Michael Showalter said it took him a couple takes of a scene to get back into Coop’s skin. How about you?

I don’t even know if I’m even in it, to be honest with you. I don’t think I gave the character of Susie much thought. [laughs] But when I was with Bradley today, it really came back. Today we were backstage, we had to dress up like raggedy Ann and Andy and do a dance routine and Bradley and I were just going over the steps. And it was like “Oh, yeah, I remember this — taking themselves really seriously and being really into the idea of American theater.” It’s really funny. Susie is a toughie. She just does not take s—. There is a funny line we were shooting today where [a character] just screws up and she was like, “We don’t make mistakes here. You’re out!’ [laughs] That was fun. So I don’t know if I’m in — the wig and the outfit help. 

What did you and Bradley say when you first saw each other in costume today?

What’s been nice is I’ve seen him over the past couple months and been like, “Oh, I’ll see you at Wet Hot.” Honestly, I’m just really excited everyone has made it back. It’s so exciting and cool…. We were in the trailer and we were just laughing and looking at old pictures of ourselves and Bradley was like, “Dude, we’re hanging in there! Fifteen years later but we’re looking pretty good!” And I was like, “That’s true! Not bad. Things could be worse.” I’m wearing a wig, which I want a lot of people to know, because my hair is not as short or as blonde as it used to be. There’s a lot of men wearing wigs, but I’m also wearing a wig. Honestly if given the chance, I will always go with wig.

I thought the feathered hair looked great.

Even though this takes places in the ’80s, I feel like Susie is a little behind the times.

Did Bradley snap back into it too?

Yes, I have to say that Bradley seemed like he snapped right in. The man has excellent training. I saw his Broadway training at work. It was fun that we were making jokes like, “Here’s how you do it on Broadway,” and then I was like, “Oh. Bradley actually is on Broadway. [laughs] He does know.”

You were there for the cast live-read in 2012 at SF Sketchfest, which was the last time you were technically in the role. But what was it like to get a call from David saying that they were actually going to do more Wet Hot? Was it just, “Sure, why not? Sounds fun!”?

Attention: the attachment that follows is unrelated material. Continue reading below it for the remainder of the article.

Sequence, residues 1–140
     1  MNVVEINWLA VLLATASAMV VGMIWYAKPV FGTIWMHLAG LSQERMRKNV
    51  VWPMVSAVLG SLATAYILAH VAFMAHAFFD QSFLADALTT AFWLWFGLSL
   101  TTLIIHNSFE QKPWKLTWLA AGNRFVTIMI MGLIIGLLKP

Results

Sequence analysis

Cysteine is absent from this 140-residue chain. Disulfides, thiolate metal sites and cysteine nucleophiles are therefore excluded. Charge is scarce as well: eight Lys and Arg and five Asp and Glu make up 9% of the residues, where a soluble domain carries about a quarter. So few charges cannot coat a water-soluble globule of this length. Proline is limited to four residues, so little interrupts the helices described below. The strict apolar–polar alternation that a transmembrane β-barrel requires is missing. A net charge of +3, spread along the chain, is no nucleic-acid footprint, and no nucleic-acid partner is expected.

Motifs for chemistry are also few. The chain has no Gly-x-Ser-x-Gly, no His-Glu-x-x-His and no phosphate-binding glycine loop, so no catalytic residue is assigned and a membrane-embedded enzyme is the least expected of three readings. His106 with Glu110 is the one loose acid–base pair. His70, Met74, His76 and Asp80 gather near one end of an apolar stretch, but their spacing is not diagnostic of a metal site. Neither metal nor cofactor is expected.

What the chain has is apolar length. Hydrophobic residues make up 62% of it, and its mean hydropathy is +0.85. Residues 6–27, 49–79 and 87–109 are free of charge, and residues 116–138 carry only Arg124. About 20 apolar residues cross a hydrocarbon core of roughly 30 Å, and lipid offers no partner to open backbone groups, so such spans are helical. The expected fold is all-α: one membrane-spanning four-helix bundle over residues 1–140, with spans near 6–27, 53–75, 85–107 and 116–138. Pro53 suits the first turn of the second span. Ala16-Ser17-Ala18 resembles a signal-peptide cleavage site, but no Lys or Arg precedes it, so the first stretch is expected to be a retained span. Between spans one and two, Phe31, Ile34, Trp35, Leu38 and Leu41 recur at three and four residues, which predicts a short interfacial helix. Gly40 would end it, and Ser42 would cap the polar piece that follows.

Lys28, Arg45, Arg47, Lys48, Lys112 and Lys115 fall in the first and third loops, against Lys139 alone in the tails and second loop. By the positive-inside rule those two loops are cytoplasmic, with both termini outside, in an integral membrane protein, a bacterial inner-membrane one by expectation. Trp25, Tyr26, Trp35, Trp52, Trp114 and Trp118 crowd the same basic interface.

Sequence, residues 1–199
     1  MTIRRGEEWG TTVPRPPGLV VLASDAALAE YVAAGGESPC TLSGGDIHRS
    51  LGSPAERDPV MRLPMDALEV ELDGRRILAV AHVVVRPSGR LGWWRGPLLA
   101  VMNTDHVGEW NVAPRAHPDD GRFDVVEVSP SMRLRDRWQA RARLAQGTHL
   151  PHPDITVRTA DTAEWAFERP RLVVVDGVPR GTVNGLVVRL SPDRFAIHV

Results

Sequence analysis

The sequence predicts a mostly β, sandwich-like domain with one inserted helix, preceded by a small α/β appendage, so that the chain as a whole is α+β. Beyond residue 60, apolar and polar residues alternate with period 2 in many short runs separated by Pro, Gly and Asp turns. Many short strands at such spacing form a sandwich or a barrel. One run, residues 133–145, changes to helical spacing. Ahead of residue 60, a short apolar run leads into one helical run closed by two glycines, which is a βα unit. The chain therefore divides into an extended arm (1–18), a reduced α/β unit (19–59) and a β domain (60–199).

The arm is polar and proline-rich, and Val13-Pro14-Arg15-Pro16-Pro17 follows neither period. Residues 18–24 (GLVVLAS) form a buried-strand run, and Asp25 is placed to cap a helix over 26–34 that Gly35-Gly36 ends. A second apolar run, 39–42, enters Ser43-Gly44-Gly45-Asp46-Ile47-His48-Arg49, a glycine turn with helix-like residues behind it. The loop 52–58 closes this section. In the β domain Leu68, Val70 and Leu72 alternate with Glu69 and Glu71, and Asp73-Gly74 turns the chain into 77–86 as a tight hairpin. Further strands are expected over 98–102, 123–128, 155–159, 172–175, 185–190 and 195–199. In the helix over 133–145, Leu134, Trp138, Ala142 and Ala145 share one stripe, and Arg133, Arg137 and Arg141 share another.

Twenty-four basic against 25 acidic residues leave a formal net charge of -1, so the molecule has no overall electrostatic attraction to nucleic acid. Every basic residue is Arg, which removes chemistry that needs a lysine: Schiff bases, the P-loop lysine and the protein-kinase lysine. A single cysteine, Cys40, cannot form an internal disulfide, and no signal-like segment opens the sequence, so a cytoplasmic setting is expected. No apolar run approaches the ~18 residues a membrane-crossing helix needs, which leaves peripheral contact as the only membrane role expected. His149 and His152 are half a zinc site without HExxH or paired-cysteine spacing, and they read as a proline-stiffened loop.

Totally. In between that time, David and Paul [Rudd] and I went and made a movie They Came Together. And during that time, David was like, “I think we’re gonna do something with Wet Hot,” and it was like, “Oh my god…” That idea of getting everybody together again — everybody was excited. I was certainly excited. And then when I heard it was for Netflix, I was like, “That’s perfect.” It was a perfect way to not only just logistically be able to get everybody, but also from the point of view of being able to parcel it out in a way — I don’t think another feature would have been the way to go. And I think everybody is really excited to watch these episodes in a row, like how people watch television now.

So, what new sides of Susie will we see?

We’re going to see that she’s a sexual person. Maybe in the movie, you were like, “What’s her deal?” And then in the show, you realize, “Ahh, she’s not getting laid.” And it’s bothering her. She’s like, “Why doesn’t my boyfriend like me?” Her boyfriend, played by Bradley, is just not into it…. And then enter Claude Dumet [a Broadway director played by John Slattery who comes to Camp Firewood to stage a staff musical]. She’s very impressed by his long list of credits. 

If there is a season 2, would you do it?

Oh, for sure. David and Michael and Netflix do it the way I like to do it, which is just fun and fast.